I was originally going to only do 2 posts on mechanics, but I got caught up in the details (and Robotech) so I will do one more later. The last post will be about Resolutions. It really gets into the nitty gritty of rules mechanics, and explains why my system (Rapidfire) is the way it is.

That's all for now.

Monday, 7 January 2013

One Mechanic to Rule Them All...

A game should only have one mechanic. That is a pretty bold statement and there are some who would quickly disagree, but I think I am on very solid ground with this one. So, what the hell am I talking about and what does it mean to you. Let's break it down.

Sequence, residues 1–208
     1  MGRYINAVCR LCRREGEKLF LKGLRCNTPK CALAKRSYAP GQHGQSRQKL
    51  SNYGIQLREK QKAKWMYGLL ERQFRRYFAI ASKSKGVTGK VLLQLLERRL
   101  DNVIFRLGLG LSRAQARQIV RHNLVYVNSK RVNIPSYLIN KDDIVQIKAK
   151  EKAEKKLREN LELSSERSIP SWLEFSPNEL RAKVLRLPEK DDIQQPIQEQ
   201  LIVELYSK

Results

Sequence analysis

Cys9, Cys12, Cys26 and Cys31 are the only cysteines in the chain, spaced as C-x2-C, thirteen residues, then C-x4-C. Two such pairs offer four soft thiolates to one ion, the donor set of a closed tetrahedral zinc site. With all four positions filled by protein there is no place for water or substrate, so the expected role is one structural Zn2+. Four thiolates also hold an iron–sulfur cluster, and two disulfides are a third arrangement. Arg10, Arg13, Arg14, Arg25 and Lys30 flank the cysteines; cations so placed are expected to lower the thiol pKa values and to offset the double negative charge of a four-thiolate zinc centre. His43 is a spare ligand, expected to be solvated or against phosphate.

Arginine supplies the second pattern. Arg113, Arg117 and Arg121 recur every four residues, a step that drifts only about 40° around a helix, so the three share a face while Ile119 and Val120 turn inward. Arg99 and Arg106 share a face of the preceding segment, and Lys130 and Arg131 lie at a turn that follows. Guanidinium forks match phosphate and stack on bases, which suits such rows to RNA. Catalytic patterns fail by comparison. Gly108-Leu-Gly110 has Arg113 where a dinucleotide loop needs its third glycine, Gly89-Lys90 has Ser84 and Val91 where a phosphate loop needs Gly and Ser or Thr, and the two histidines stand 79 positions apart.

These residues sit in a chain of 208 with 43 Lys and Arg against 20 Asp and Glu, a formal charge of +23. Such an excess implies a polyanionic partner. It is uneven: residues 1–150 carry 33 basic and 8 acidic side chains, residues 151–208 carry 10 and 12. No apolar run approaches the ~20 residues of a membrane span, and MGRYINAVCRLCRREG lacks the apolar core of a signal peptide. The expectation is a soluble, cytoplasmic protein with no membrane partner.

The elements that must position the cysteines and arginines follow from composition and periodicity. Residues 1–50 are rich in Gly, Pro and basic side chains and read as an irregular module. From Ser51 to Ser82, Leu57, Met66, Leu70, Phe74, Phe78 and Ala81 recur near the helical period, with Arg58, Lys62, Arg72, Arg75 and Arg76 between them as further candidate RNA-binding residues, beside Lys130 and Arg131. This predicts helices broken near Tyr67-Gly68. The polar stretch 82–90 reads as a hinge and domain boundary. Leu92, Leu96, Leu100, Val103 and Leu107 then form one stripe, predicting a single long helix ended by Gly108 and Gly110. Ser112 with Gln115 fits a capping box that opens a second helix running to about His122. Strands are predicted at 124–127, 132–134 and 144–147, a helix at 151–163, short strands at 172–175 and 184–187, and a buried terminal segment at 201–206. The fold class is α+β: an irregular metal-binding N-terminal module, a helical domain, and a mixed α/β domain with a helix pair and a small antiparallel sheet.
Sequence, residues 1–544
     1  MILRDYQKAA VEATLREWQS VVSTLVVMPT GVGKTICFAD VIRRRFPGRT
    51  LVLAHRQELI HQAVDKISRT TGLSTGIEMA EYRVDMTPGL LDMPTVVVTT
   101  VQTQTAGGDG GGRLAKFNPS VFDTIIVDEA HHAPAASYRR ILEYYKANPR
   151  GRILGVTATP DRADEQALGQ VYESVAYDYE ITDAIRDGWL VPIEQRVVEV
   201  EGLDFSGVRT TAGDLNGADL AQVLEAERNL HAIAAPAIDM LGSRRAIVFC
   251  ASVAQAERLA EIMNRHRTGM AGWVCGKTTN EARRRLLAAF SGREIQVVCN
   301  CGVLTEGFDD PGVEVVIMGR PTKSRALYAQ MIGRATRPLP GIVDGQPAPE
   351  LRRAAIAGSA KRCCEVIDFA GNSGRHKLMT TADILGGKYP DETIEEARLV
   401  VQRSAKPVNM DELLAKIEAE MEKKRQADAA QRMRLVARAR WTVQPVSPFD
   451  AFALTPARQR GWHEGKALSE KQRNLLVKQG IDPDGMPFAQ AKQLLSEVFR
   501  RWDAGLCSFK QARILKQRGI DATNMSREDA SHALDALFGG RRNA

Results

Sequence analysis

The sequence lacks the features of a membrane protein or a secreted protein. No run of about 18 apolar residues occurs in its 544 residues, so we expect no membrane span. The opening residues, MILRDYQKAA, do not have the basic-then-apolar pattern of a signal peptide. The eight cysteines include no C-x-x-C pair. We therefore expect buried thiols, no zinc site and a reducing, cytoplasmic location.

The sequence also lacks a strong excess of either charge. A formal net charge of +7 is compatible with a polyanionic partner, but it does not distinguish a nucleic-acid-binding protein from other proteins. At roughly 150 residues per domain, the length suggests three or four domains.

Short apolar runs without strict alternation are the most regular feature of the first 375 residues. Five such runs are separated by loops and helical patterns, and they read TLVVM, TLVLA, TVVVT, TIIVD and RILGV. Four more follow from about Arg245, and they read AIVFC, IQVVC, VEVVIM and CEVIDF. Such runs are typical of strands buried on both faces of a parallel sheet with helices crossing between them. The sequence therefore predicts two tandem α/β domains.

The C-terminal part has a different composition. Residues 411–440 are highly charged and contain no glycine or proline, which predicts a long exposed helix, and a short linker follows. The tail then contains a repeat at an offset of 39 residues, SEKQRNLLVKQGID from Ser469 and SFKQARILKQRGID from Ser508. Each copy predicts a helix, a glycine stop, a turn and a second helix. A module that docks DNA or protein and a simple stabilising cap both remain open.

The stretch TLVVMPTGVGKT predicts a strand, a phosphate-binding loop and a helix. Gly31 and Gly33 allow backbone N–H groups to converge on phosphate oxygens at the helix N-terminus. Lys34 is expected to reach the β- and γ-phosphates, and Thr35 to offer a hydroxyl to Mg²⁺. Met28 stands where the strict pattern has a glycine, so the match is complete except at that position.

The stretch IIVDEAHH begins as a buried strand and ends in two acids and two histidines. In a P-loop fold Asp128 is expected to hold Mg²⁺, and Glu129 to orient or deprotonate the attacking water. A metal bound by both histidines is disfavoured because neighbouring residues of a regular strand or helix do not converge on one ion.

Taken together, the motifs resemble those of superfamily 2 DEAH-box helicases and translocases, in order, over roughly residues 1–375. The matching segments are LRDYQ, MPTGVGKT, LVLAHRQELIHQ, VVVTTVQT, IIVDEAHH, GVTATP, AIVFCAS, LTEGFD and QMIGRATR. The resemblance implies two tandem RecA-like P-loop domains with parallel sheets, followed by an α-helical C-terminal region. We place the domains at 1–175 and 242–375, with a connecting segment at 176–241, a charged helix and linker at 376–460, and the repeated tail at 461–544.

A roleplaying game has the open narrative structure of improv, but is constrained by rules and to make it fair, concise, and to allow for the story to progress. Those contraints are what I call mechanics, and they are how actions or conflicts are resolved within game. Simply, mechanics is the stuff you do (dice, cards, elaborate descriptions, etc) that determines what your characters do, whether the succeed or fail, and by how much.